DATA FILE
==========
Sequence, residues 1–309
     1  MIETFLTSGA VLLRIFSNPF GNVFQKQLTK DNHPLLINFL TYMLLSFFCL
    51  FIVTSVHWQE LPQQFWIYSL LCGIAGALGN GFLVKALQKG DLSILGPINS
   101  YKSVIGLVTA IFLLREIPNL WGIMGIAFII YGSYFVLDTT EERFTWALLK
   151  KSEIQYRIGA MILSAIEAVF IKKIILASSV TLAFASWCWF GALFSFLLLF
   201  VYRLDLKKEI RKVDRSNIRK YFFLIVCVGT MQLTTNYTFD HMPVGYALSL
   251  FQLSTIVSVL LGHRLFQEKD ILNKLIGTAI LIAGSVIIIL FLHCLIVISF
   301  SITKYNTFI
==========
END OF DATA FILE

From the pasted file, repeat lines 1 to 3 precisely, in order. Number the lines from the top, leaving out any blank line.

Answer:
Sequence, residues 1–309
     1  MIETFLTSGA VLLRIFSNPF GNVFQKQLTK DNHPLLINFL TYMLLSFFCL
    51  FIVTSVHWQE LPQQFWIYSL LCGIAGALGN GFLVKALQKG DLSILGPINS